Transport and infrastructure
After years of underspending on transport infrastructure, and with widespread dissatisfaction with urban planning laws, all the parties agree that the way we design our cities and transport systems needs to change. Some say the emphasis should be on making it easier for developers to build, while others say we need a clearer plan to prepare our cities for climate change.
Urban planning and resource management
Most parties agree that reform is needed to the Resource Management Act (RMA) – the law that governs how land can be used. But there is little agreement on what this reform should look like. Some say the focus should be on reducing development costs, while others say the priority should be on making our cities more liveable and resilient.
Political parties of all stripes plan for more infrastructure, but the capability of the construction sector is key to anything getting built. But as well as reducing time and cost, NZ buildings will have to deal with the challenges of extreme weather and a changing climate.
Cars and roads
This election there are many proposals for particular roading projects, big and small. With transport accounting for over 15 percent of NZ's greenhouse gas emissions there are also policies to reduce vehicle emissions.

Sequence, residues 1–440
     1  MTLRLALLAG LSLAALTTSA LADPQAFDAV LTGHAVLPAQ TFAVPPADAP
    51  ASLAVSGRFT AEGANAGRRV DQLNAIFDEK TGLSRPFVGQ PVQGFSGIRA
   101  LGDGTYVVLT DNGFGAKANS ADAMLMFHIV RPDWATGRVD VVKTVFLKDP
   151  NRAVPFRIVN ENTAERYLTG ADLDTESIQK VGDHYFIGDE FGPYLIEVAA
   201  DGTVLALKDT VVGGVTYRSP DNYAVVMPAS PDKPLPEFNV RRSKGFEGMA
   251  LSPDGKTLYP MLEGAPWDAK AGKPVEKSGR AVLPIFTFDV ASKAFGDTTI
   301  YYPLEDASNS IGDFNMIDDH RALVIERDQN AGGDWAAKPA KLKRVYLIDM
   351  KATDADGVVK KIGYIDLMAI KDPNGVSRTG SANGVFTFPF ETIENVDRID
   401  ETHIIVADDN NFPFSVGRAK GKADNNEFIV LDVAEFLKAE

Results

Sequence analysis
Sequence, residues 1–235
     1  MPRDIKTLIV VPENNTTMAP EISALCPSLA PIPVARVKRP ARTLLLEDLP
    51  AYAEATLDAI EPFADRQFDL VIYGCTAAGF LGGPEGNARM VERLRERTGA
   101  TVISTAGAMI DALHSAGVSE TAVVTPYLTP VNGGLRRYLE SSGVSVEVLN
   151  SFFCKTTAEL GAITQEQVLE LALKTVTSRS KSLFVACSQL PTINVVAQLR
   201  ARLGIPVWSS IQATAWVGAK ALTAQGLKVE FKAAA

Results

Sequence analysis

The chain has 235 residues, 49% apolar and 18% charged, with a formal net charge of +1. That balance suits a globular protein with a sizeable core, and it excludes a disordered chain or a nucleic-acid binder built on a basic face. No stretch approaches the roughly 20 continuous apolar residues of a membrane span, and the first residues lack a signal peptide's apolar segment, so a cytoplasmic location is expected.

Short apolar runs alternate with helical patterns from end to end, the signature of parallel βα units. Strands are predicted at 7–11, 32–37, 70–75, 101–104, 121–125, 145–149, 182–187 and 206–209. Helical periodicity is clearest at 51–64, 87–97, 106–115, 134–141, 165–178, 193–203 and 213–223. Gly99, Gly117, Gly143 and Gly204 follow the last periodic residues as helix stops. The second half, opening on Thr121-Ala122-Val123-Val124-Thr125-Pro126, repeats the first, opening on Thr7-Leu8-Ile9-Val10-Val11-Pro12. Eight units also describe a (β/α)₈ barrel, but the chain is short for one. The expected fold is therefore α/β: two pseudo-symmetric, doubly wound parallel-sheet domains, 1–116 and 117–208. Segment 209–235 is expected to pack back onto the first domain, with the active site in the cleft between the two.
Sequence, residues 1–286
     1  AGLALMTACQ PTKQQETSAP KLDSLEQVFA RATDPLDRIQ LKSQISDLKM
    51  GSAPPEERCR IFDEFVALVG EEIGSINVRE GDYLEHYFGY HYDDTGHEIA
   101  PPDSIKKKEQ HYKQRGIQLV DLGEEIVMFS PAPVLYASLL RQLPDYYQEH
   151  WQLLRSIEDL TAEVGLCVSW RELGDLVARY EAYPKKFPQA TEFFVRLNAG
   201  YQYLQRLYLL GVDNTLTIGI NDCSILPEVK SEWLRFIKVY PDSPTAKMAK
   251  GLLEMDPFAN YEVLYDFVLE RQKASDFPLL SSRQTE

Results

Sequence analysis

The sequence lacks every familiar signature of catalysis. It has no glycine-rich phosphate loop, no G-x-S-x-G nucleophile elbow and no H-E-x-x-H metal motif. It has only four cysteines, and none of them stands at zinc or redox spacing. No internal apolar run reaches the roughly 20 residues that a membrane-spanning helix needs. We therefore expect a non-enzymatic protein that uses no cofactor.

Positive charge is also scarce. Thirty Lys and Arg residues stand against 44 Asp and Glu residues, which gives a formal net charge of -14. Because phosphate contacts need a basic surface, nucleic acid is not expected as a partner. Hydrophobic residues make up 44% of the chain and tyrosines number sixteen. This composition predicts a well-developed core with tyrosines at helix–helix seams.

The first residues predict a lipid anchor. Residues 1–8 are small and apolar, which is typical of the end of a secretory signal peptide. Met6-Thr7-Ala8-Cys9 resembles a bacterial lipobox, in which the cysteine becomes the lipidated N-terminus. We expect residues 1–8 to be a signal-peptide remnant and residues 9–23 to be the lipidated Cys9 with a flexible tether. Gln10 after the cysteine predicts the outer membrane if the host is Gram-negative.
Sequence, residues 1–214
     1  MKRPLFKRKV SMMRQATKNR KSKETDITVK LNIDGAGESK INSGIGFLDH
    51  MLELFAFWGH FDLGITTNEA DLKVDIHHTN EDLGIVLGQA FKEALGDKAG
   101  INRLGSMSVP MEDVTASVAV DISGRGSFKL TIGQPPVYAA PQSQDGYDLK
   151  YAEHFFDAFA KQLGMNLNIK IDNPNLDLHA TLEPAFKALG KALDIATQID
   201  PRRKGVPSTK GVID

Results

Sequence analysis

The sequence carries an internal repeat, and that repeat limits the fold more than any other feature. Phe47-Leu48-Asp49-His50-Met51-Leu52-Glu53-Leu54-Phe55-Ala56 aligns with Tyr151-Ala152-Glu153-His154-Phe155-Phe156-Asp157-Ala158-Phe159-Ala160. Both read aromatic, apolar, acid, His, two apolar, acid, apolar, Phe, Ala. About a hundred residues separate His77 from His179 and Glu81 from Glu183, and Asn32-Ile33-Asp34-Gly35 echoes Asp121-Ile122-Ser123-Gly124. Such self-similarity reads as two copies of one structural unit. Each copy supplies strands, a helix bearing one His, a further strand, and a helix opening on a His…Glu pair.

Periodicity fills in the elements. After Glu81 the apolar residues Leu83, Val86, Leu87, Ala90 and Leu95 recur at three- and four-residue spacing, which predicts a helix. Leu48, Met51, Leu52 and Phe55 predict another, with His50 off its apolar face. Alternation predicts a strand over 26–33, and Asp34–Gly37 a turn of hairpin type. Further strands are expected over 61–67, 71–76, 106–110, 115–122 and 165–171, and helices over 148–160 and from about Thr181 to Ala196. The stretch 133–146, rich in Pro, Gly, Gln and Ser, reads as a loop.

Internet and telecommunications
The internet is NZ's window to the world. But the rise of multinational tech companies has had big impacts on local industries. Some parties say the tech giants aren't paying a fair share of tax.
The current government aims to achieve 100 percent renewable energy by 2035 but some parties say not enough is yet being done to make that target a reality. Others say that recent decisions to ban oil and gas exploration were a mistake.
Rail was once the backbone of NZ's transport system but recent decades have seen rail infrastructure fall into decline and roads become king. But many are now turning back to rail as a solution to both address climate change and reduce congestion in our cities.
Transport funding and planning
Transport infrastructure is expensive but lasts a long time and benefits many generations. Competing approaches to funding transport — whether its the use of fuel taxes or general government borrowing — put the cost on different groups of people.
Public transport, cycling and walking
As NZ's cities grow, demand for public transport has outstripped projections and the government is scrambling to catch up. Cycling and pedestrian infrastructure has become a priority for local government around the country.